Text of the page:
Naked, Authentic, and at Peace with Oneself

Emma

As I sit here this morning wondering what I will write about, with too many ideas racing though my head, I turned to a collection of images that are resting on my desktop, images such as this one of Emma James, a naturist from the U.K. who had become part of Naked Poetry book 2. I was struck by the openness and authentic sense of being at peace with “self” that this image portrays.

I have both taken and collected images from other places to illustrate my blog posts over the years. As I looked back at my archive, I noticed how the expression on my face and the stiffness of my body has changed. It has been only in the recent few years that my own image begins to show the same level of self-acceptance as I see in the image of Emma.

I think back to a number of years when I was constricted, barely able to breathe for the tightness in my chest and the vice-grips that had imprisoned my soul. None of it made sense as I had a good life as a parent and spouse with a good career that had earned me a lot of community respect. What had been responsible for my dark state of being within the embrace of family and community? What had changed between then and now when I can once again breathe without worry of the shadows that are still present on the periphery?

My writing since that time of darkness, a writing that had found its way into a number of formats – discussion groups, poetry, reflective journals, blog posts and stories that acknowledge the reality of darkness that broods with a life of its own, within the compass of my life. As the stories emerged, I found myself battling the emerging monsters and ghosts, never able to defeat them, but finding a way to co-exist with them. I created a space where whatever and whoever it is that I identify with as my self, a legitimate space hard-earned.

As the spaces opened up and breathing returned, somewhat to normal, other images of the unconscious emerged, images of those moments in time when I had previously felt whole. More often than not, the images showed a transparent self, one that didn’t hide in closets or in cardboard boxes. I saw myself without the borrowed clothing of others. Yes, I saw myself without clothing, daring to be exposed to the universe. Of course, I was a child, a youth, and later a very young man when these rare experiences were lived. To be graced with these images bathed in light in a world and life that was otherwise darkness, allowed me to remember, to re-member that child, youth, young adult into a much older adult. And so I dared to search again for those spaces and places where I could risk being authentically and transparently myself.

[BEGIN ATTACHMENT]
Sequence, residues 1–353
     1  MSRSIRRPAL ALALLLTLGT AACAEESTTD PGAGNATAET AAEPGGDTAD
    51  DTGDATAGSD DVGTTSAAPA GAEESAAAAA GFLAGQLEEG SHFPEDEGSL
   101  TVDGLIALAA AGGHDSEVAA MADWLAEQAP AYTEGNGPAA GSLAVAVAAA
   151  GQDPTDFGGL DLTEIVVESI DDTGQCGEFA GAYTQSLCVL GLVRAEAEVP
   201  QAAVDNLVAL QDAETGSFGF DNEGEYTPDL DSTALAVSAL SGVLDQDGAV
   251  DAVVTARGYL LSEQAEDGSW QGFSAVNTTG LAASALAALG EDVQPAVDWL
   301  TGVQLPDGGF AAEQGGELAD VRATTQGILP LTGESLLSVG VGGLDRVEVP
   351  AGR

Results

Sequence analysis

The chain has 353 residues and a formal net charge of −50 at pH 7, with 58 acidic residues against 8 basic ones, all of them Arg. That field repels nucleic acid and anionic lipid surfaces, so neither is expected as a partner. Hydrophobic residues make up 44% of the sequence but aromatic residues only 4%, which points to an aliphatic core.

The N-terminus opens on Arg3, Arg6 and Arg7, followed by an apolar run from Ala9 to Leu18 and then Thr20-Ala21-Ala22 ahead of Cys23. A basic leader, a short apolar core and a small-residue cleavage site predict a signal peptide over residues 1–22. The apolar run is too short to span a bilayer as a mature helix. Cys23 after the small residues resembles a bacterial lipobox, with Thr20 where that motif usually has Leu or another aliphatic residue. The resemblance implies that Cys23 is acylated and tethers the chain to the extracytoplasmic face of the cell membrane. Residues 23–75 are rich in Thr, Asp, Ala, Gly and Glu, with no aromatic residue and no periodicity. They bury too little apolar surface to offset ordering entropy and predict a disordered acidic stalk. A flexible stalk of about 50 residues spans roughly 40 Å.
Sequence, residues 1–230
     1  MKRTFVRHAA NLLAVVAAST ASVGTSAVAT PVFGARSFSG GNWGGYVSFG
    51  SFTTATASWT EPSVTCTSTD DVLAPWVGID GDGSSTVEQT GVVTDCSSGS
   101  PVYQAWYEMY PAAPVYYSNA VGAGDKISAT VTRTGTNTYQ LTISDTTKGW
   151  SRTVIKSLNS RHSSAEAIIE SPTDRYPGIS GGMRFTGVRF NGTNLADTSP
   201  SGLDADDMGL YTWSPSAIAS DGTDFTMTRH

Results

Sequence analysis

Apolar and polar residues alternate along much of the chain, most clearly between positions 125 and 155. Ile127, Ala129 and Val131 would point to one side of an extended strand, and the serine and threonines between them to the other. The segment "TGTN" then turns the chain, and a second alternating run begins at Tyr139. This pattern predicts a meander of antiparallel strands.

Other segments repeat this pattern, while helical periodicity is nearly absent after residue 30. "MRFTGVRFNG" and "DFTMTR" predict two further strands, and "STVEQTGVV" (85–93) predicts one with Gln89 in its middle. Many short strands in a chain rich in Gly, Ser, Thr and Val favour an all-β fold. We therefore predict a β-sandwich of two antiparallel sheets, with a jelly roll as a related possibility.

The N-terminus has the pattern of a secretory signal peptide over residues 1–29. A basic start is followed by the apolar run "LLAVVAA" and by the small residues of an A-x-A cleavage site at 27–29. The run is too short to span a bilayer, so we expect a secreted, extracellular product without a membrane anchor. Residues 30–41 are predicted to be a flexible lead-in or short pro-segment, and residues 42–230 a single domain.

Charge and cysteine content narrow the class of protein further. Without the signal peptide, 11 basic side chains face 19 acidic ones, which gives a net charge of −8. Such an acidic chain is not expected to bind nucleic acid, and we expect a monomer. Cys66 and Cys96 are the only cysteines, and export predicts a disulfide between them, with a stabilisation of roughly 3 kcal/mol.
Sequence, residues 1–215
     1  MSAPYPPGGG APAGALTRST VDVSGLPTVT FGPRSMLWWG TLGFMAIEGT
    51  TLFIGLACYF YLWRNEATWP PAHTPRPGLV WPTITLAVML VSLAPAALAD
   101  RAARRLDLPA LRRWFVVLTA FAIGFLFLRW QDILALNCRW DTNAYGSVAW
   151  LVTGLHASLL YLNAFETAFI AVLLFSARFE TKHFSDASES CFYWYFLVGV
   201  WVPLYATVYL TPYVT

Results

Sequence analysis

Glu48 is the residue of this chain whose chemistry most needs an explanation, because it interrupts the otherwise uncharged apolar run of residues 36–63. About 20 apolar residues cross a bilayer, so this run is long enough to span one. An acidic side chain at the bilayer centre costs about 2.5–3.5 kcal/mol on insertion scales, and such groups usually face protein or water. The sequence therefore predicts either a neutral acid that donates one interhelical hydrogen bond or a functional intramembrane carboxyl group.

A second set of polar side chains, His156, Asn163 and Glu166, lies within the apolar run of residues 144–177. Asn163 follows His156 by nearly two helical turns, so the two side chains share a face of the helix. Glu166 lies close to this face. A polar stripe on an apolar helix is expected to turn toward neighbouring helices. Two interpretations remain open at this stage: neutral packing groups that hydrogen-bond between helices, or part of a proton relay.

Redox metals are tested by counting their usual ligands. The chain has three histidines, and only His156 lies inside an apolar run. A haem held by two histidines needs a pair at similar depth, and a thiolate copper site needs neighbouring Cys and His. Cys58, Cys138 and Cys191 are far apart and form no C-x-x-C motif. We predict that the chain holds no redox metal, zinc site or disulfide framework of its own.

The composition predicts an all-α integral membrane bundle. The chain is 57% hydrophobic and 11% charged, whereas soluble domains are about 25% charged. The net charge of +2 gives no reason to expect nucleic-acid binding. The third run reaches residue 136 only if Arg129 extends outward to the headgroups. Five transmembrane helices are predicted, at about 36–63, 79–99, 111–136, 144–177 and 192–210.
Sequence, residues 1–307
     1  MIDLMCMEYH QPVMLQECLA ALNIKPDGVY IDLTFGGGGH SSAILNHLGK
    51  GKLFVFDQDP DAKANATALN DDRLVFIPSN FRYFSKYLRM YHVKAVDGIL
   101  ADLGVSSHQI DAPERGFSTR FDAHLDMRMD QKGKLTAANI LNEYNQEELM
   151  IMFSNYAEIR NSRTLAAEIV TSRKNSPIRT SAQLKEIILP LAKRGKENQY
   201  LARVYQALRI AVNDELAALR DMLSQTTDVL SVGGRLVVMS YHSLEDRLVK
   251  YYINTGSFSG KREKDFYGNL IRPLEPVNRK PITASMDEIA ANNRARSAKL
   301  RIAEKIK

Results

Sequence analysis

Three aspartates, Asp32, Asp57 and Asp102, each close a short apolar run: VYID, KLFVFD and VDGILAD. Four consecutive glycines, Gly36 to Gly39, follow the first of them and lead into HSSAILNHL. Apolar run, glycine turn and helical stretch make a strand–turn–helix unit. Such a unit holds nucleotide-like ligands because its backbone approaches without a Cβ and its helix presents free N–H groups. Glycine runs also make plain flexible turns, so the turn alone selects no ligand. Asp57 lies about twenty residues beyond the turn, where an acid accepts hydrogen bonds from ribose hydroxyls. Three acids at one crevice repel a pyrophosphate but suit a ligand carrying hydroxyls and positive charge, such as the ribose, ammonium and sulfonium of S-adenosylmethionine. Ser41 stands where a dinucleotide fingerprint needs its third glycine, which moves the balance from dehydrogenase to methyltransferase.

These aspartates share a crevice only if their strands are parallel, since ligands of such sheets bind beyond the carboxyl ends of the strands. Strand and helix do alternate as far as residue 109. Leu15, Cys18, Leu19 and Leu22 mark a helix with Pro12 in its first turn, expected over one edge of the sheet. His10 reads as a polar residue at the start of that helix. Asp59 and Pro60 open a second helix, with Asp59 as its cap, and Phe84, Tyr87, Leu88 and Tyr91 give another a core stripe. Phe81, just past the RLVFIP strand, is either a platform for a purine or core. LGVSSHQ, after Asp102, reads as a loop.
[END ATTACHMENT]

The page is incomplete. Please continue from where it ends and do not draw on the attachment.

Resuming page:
My life has changed, dramatically because of my work with writing and with my risking being vulnerable. I have learned, perhaps for the first time, that it is okay to be me. I now know that I don’t have much choice but to be authentically me if I am to continue breathing without the power of the darkness once again imprisoning me so that I become only a shell of a man.

5 thoughts on “Naked, Authentic, and at Peace with Oneself

  1. I was struck by your phrase ‘in the borrowed clothing of others’. The self-acceptance that nakedness brings doesn’t come with the first time you get naked but through the long realisation that you are.
    Doffing off one’s own clothing is freeing but loosing the expectations of you by others is so much more so.

  2. This strikes many chords Robert. Reading it brought to mind a quote from Ursula K. Le Guin:

    “The truth is that as a man’s real power grows and his knowledge widens, ever the way he can follow grows narrower: until at last he chooses nothing, but does only and wholly what he must do. . . .”

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